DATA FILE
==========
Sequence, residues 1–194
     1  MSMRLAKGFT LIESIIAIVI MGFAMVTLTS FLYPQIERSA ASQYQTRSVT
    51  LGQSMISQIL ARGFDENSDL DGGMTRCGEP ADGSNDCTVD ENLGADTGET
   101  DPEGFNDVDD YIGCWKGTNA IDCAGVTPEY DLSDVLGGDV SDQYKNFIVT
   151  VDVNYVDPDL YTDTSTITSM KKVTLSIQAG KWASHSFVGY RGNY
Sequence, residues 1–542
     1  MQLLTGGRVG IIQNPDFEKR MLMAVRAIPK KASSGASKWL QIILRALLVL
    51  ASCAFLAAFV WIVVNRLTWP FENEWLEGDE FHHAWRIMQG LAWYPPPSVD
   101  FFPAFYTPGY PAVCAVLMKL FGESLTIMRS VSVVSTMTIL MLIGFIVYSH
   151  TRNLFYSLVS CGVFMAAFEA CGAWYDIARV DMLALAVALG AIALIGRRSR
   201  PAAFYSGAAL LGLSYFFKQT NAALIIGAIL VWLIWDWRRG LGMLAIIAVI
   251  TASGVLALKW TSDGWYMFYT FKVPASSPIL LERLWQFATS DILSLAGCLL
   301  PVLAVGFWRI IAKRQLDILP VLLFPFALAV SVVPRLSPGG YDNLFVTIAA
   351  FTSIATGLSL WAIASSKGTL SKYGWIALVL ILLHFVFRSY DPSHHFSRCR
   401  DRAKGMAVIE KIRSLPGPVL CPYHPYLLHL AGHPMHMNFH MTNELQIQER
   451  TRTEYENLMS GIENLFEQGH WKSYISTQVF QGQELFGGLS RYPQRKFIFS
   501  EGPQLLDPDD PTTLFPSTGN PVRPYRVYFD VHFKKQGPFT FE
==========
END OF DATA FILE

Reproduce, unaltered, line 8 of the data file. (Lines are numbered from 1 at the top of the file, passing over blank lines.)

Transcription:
    51  ASCAFLAAFV WIVVNRLTWP FENEWLEGDE FHHAWRIMQG LAWYPPPSVD